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Competing Visions Of America’s Future

As the contours of the administration’s proposed financial reform legislation come into sharper focus, a pattern emerges. Is the purpose to correct deficiencies in financial markets or, like Obamacare, is the true goal to extend government control over yet another sector of the economy

As the contours of the administration’s proposed financial reform legislation come into sharper focus, a pattern emerges. Is the purpose to correct deficiencies in financial markets or, like Obamacare, is the true goal to extend government control over yet another sector of the economy? The Dodd dud is remarkable for ignoring the root of the problem that triggered the meltdown: Fannie and Freddie, the GSEs that ignited the fire that burned down the financial house in the first place. This shouldn’t surprise anyone, since the aforementioned Christopher J. Dodd, chairman of the Senate Banking Committee, received more campaign contributions from employees and PACs of Fannie and Freddie ($165,000) than any other politician. (The second-largest recipient was a then-junior senator from Illinois who is now in the second year of a new job in Washington.)

Despite the claims that these reforms will curtail excesses of large financial institutions, the $50 billion reserve fund, to be managed by the Federal Deposit Insurance Corporation, favors big institutions over smaller competitors. Far from treating all players even-handedly, such reform provides a sizeable competitive advantage to the same institutions that got us further into the hole we are still trying to climb out of. This only makes sense if the true aim is to get large institutions to agree to implement government policies of control in exchange for protection from future failure. Is this the type of partnership with government we want?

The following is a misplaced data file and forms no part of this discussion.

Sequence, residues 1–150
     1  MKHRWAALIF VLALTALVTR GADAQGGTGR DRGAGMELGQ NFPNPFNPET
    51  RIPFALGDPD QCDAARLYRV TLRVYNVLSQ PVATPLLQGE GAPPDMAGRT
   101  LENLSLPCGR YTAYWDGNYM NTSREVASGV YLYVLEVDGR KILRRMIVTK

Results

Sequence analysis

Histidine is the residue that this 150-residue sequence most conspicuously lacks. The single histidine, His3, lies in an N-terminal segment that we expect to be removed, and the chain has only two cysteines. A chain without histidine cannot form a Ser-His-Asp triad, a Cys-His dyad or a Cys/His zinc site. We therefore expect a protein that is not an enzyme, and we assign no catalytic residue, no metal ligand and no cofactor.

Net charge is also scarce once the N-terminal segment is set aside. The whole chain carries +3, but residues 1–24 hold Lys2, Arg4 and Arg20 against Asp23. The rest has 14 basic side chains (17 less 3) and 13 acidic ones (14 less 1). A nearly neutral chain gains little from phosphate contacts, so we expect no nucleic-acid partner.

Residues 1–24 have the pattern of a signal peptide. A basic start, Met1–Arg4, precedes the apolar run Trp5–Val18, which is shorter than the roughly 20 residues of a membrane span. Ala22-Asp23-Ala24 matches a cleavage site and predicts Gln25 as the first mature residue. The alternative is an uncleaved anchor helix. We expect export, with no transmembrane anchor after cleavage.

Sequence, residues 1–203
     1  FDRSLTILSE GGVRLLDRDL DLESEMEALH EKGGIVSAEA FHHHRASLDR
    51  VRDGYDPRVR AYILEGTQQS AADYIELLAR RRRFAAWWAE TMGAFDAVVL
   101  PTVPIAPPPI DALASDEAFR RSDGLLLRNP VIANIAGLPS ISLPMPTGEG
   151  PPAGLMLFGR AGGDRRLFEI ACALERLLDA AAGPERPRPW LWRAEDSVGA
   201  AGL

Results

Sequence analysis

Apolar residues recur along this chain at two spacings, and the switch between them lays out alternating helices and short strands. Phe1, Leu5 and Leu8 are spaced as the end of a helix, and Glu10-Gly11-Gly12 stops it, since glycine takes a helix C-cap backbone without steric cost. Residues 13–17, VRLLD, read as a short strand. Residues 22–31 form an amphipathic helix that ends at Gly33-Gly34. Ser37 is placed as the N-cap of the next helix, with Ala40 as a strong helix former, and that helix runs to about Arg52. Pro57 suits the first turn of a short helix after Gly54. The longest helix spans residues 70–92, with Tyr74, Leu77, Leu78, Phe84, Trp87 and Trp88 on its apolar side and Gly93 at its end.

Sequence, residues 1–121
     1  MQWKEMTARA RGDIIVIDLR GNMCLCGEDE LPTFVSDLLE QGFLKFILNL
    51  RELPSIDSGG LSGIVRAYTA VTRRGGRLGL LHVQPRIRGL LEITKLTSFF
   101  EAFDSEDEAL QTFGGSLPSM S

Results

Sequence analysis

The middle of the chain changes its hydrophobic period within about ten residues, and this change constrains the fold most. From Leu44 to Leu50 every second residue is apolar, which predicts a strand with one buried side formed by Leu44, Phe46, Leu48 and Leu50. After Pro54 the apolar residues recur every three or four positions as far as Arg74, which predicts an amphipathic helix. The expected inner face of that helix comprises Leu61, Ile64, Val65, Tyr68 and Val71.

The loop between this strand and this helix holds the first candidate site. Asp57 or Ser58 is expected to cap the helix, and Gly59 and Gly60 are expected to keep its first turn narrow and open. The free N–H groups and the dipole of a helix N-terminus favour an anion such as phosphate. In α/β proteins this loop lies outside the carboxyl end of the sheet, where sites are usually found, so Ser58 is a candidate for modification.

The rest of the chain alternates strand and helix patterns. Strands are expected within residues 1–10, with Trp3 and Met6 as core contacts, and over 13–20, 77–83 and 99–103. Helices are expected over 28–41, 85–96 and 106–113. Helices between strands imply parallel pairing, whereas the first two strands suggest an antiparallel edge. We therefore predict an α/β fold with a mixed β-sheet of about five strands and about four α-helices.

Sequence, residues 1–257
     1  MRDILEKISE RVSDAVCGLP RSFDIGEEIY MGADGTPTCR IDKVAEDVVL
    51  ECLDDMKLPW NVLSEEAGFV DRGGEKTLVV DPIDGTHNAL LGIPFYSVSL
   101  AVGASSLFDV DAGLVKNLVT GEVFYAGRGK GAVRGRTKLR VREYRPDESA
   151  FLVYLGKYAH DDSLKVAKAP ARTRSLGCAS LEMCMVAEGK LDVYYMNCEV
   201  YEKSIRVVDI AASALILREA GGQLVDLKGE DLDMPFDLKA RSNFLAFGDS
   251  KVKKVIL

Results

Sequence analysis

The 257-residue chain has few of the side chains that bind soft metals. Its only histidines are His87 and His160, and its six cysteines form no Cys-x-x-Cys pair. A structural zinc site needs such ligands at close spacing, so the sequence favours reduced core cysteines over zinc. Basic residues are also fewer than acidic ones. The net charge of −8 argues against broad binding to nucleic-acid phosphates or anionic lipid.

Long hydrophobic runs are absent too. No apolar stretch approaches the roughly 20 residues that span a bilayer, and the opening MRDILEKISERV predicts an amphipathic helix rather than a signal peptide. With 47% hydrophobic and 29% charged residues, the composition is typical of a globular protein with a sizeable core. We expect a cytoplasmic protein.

In his recently published book The Battle, the American Enterprise Institute’s president, Arthur C. Brooks, a former business and government professor at Syracuse University, argues that the country faces a pivotal moment in its history: Does it recover its traditional belief in free enterprise and personal liberty or does it embrace European-style statism, grounded in expanding bureaucracies, increasing income redistribution and government-controlled corporations? This is not a dispute over marginal tax rates. The stakes are bigger. “The unprecedented economic crisis has introduced panic to our nation. Panic distorts our values and has given the minority who oppose free enterprise a pretext to introduce sweeping change,” he writes.

Historian and former California State University classics professor Victor Davis Hanson recently asked, “At a time when Europe is discovering that its democratic socialism does not work, why in the world is the United States doing its best to copy it?” Why indeed.

This struggle over competing visions of our future has nothing to do with being a Democrat or a Republican. The latter’s complaints over Obama’s overspending may be legitimate, but more than a little hypocritical. It was Bush who signed the dubious TARP into law and bailed out GM and Chrysler. Further, John McCain had no credible explanation for the crisis, so Obama’s narrative that it was all Wall Street’s fault—while ignoring regulatory failure and Congress’s enablers of Fannie and Freddie— became the default explanation. The proponents of statism are not evil; they are simply dead wrong about what’s best for the country.

The question is: What will business leaders, the presumed stewards of free enterprise, do? Should CEOs openly take a principled position in favor of the economic system from which they have benefited or will they do nothing, content with becoming just another rent-seeking corporation? To paraphrase a World War I recruiting poster, how will you respond when your children ask, “What did you do in the cultural war, Daddy?”

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